Following The Soldier’s Return, heralded as a novel written in fine steel sentences and granite paragraphs” by the Washington Post, and the equally brilliant A Son of War, Melvyn Bragg brings one of the finest sagas of postwar Britain” (London Sunday Telegraph) to a stunning conclusion. Set in the 1950s, this absorbing novel follows the intertwined fates of people crossing boundaries in their lives. Alive with a wide cast of characters, Crossing the Lines vividly portrays the spirit and atmosphere of the mid-century and the profound changes taking place at the time, in morals, religion, music, and social class. Moving and evocative, this masterly novel and the two that have preceded it are rightfully hailed as contemporary classics.
"Bragg's massive trilogy of his hometown in Cumbria, northern England, steers to a close as the torch is passed from WWII hero Sam Richardson to his son Joe. . . . Bragg has returned to the subject of Wigton many times over his long career as a novelist and BBC commentator, and his deep affection and knowledge of the place give strength to this coming-of-age story. As in The Soldier's Return and A Son of War, Bragg's prose is straightforward and unadorned, allowing only the occasional literary flourish, with a tendency toward understatement that is as precise as it is convincing. Devoted Anglophiles in particular will find much to appreciate in this unhurried examination of postwar English life." —Publishers Weekly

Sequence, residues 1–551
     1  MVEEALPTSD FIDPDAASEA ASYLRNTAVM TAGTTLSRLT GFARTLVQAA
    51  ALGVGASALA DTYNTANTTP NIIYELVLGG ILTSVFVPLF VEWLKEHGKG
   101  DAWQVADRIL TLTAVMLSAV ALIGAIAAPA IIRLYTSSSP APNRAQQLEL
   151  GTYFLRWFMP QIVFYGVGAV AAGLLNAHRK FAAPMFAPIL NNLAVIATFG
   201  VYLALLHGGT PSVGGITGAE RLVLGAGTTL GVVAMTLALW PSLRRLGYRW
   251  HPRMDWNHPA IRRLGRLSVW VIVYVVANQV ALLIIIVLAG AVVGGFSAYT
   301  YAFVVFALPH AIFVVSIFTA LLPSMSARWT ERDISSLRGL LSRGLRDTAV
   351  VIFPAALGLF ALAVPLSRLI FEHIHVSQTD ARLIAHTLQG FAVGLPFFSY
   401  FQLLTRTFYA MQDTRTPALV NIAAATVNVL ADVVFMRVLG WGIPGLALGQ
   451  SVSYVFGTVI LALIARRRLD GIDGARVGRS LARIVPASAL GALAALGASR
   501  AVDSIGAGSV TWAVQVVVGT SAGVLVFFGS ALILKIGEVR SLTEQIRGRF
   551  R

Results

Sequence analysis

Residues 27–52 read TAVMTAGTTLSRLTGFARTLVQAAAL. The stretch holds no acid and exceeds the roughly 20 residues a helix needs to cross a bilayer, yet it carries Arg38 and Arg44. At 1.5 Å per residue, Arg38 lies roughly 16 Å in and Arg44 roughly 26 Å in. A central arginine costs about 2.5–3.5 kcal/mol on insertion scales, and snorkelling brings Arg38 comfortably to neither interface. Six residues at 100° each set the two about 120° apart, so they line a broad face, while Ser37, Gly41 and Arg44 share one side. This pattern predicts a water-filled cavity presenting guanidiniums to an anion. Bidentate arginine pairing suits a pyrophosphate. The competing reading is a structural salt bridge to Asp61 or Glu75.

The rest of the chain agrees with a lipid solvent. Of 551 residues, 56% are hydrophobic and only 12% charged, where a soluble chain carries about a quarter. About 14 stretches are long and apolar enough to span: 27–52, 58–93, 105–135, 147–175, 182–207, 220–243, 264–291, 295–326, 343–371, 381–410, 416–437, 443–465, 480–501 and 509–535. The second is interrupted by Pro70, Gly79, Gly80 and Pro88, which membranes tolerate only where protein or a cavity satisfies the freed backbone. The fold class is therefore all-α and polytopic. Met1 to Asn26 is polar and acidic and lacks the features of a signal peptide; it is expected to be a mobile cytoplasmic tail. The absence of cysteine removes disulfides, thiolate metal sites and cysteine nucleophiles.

“Combining evocative and convincing period details with effortless and engrossing story-telling, it is a considerable achievement—and a wonderfully readable book.” —Daily Telegraph
“One of the finest sagas of postwar Britain.” —London Sunday Telegraph